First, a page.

There is much debate in FMCG over the value of Black Friday and whether it’s worth getting involved. With lower price point items and shopper missions driven by routine, retailers are split over how best to serve their shoppers. As with any form of retail, the risk to shopper experience is high, but get it right and you will reap the rewards. So, how can grocery retailers and FMCG brands find value in the event?
First off, it’s important to think about Christmas trading. If you are a premium food and drink brand, for example, it makes sense to use this period to incentivise trade up for Christmas. Thirty per cent of last year’s total Black Friday spend in the premium food and drink category was made in supermarkets, including gift sets and party food. Brands in these categories should take advantage of this time to get their products front of mind, encouraging impulse purchases for Christmas entertaining. As one of the more expensive products, money-off mechanics for alcohol are a great way to drive trial and penetration, too.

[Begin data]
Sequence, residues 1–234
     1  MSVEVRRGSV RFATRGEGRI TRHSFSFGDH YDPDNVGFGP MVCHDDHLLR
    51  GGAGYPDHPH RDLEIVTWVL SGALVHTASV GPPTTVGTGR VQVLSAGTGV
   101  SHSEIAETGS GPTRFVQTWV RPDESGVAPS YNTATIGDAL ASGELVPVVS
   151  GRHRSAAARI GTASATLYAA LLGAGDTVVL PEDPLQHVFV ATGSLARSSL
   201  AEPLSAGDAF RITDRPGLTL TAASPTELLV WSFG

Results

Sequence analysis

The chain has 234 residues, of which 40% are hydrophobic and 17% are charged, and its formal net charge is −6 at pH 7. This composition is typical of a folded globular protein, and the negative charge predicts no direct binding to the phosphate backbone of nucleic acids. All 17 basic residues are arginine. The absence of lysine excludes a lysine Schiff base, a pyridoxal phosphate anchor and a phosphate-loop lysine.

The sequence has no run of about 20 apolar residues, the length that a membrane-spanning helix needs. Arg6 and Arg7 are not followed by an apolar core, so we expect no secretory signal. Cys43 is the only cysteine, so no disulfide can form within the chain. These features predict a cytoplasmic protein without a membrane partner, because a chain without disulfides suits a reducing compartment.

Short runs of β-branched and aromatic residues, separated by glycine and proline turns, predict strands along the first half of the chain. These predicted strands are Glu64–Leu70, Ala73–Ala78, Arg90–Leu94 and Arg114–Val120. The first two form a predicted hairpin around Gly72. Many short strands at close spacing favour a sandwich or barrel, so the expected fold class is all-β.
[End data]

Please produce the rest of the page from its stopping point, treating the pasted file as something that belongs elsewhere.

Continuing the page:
Secondly, customer retention should still be top of mind during the high-pressure event. While high price-point electrical goods are generally a one-off purchase for most consumers, shoppers will buy FMCG items again and again. With 75% of last year’s purchases classified as being delayed or pulled forward by the event, brands need to prove that involvement genuinely affected like-for-like sales. Offering a coupon at the till to ensure repeat purchase is a great way to maintain rate of sale, using Black Friday not just to get shoppers in, but to keep them.
Finally, it’s important to get the balance right. While Black Friday is a great opportunity to trade up, FMCG brands should be careful not to devalue their products. While low prices were the main driver of food and drink purchases made last year, quality was also important to 25% of shoppers. The event should be used to reward shoppers with a festive treat, leveraging value over volume.
With consumer confidence low in the wake of Brexit (not to mention Marmite and Toblerone-gate), it will be interesting to see the uptake of what would have seemed like trivial savings on commodity items.